By Kehinde Andrews
Fifty years ago today the Reverend Dr Martin Luther King was assassinated. It was a murder that sent shockwaves around the world. King had come to personify the civil rights movement, the nonviolent campaign for racial justice that forced America to changes its laws. By 1968 Britain’s Black population was growing and with it a civil rights movement of our own. The Bristol bus boycott of 1963 followed in the footsteps of the more famous episode with Rosa Parks at the centre in Montgomery, Alabama. Black supplementary schools had begun to emerge marking the beginning of decades of campaigning to reform the racist school system. Anti-racist activism across all areas including housing and immigration was already in full swing. King himself visited the UK, going to London in 1964 and receiving and an honorary doctorate from Newcastle University in 1967, just a year before he was killed. Half a century later King is rightly one of the most revered figures in history and a symbol for Black communities worldwide, and no less so in Britain. But, in order to celebrate his legacy fully it is time to realise the politics that he most represents has run its course. As we struggle with racism in the present day, the last thing we need is a new civil rights movement.
Civil rights was one of the most successful movements for social change that ever existed, but also one the most futile. In order to gain racial equality, civil rights aimed to make legislative changes that would allow African Americans access to a system they were locked out of. Ending segregation and giving Black people voting rights was meant to allow the Black population into the seats of power and provide the opportunities for meaningful change. In terms of meeting their goals the movement was a resounding success, the 1964 Civil Rights Bill ended segregation and the 1965 Voting Rights Acts spread the franchise to many Africans who had been locked out. America even has affirmative action laws to allow for positive discrimination based on race, something that is a distant fantasy in Europe. In Britain, tireless campaigning was also largely successful. The 1965 Race Relations bill outlawed racial discrimination, legislation that was successively strengthened and by the 2000 Amendment Act was one of the most progressive anti-racist laws in the world. Britain formally accepted the idea of institutional racism and it is currently the law that institutions have a duty to ensure they consider the impact of their actions for race equality before they take them (you can stop laughing, this really is true). Society opened up enough for an emergent Black middle class and (more so in America), a raft of Black elected officials; the talented tenth necessary to drive the progress of the Black masses.
In 2008, the logical conclusion of the civil rights movement saw the election of Barack Obama to president of the United States, a “victory” that almost 70 percent of African Americans felt ‘was the fulfilment of Dr King’s dream’. If Obama was the dream, then King was really having a nightmare. Under the watch of the first Black president almost every indicator of Black oppression got worse. The poverty rate, wealth gap, food stamp usage, housing repossessions and the list goes on. Only the unemployment rate improved but given that half of all Black people with jobs in New York work in fast food restaurants, and Black households relying on food aid shot up, these jobs were clearly not enough to live on. Worse still, smartphones showed to the world the police carrying out legal lynchings of unarmed Black people in the twenty-first century. A Black man sat in the White House when Black Lives Matter, the biggest Black social movement of the 21st century arose because of how bad race relations have become. The problem with civil rights it that it succeeded in its tactics but could never reach its goals. Racism is in the DNA of society and cannot be wished away with legislation or a few Black representatives.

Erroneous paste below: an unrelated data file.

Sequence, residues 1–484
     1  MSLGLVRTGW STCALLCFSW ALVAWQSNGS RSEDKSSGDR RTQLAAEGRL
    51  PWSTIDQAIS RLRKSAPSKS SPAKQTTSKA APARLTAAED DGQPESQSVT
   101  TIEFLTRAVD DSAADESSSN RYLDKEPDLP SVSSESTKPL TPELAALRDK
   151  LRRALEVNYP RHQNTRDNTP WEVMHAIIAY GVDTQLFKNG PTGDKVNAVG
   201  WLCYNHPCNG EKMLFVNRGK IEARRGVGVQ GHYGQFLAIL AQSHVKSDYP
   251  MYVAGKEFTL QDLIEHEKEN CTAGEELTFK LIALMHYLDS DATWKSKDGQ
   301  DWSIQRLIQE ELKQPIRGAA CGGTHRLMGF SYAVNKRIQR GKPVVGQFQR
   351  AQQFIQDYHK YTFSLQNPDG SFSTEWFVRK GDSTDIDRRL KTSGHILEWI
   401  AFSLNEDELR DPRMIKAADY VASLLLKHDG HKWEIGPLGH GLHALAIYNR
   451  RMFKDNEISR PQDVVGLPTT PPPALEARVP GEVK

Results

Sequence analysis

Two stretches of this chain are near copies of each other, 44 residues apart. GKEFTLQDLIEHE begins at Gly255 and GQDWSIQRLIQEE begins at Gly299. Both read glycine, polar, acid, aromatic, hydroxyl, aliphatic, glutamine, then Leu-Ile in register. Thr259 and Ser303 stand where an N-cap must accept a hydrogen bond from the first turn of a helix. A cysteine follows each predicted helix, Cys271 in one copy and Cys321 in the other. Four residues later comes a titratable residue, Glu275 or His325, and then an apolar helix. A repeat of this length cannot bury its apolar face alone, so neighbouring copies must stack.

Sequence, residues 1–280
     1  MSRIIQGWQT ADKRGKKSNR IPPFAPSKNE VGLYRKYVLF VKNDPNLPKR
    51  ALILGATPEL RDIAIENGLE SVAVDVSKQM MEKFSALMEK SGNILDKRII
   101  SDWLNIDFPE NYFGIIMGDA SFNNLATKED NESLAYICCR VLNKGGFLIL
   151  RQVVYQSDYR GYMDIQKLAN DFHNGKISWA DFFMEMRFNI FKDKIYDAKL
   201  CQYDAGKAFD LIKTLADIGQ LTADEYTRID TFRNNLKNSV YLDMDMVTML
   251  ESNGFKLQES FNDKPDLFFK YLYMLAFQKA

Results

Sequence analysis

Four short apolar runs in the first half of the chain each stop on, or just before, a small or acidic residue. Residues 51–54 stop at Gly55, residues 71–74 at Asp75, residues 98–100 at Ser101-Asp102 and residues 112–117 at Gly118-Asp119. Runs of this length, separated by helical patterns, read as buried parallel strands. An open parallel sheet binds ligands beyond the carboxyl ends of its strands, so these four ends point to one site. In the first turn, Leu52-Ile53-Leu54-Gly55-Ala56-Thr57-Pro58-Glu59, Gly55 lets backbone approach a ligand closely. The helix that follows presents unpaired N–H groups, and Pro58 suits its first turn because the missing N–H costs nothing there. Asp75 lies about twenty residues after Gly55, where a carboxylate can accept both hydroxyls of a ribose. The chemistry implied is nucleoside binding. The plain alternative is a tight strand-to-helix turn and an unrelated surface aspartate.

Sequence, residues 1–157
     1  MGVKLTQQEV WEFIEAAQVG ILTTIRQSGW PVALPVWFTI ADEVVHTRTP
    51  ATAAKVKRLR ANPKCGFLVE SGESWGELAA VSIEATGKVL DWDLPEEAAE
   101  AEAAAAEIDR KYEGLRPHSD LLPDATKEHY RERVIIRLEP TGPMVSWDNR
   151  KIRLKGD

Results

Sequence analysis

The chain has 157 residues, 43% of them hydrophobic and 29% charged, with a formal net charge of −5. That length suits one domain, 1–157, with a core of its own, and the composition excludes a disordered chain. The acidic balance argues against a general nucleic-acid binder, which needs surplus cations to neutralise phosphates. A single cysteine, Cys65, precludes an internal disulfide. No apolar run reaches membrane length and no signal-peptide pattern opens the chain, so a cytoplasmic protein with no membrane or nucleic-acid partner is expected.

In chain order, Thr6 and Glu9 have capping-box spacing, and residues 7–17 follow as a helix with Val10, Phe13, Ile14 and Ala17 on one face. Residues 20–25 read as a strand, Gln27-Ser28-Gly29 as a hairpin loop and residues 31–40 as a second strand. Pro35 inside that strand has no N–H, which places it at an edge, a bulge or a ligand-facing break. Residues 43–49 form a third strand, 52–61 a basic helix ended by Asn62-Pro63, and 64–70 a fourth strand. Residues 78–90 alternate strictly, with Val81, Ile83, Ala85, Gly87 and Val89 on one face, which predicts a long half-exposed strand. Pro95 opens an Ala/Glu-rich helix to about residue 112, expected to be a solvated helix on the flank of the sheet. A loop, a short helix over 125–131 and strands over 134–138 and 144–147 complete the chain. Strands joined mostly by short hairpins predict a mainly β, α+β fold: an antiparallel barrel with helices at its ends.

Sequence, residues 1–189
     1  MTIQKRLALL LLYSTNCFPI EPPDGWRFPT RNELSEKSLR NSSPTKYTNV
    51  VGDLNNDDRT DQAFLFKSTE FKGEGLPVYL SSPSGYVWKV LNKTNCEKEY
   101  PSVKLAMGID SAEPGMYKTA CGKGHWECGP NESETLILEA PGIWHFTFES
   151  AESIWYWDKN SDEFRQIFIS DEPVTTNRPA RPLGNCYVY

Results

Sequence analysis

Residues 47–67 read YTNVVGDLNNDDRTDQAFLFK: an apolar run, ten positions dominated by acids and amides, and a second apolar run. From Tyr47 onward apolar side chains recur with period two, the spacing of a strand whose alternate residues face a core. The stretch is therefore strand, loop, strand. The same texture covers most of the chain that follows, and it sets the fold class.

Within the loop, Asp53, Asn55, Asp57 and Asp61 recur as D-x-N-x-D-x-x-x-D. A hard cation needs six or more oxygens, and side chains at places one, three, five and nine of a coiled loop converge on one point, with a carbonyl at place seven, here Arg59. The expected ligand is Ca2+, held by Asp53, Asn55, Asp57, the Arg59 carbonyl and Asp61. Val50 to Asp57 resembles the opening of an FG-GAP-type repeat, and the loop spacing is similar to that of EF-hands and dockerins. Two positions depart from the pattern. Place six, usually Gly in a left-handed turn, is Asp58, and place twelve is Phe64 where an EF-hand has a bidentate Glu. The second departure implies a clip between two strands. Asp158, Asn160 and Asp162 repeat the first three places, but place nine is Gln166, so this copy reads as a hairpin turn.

For movements like Black Lives Matter this is the important legacy of King. The realisation that here is no reforming a system that is built on racism. Even King was coming to this realisation before his death. He was hugely unpopular in the mainstream when he died for his stance on the Vietnam War and his increasing militancy. In 1963 he had a dream at a rally so stage managed for TV that Malcolm X dubbed it the ‘Farce on Washington…a picnic with clowns and all’. But before he died he was planning a Poor Peoples Campaign to March on Washington and shut the city down with civil disobedience. He even questioned the ability of America to live up to its stated ideals. Speaking to Harry Belafonte he remarked:
I have come to believe that we are integrating into a burning house. I’m afraid that America has lost the moral vision she may have had. And I’m afraid that even as we integrate, we are walking into a place that does not understand that this nation needs to be deeply concerned with the plight of the poor and disenfranchised.
Half a century after the assassination of Martin Luther King it is time to realise the truth. As Malcolm X said ‘this system can no more provide freedom justice and equality’ for Black people than ‘a chicken can lay a duck egg’. Confronted with schools in America that are more segregated than they were before desegregation we should realise the futility of campaigning for rights that can never be respected. In Britain we don’t even have the false hope of the Black middle class, with the elite remaining unapologetically White. King was a great man, who deserves his place in history. But he was wrong. Revolution and not reform is the only path to ending the system of racism that oppresses us.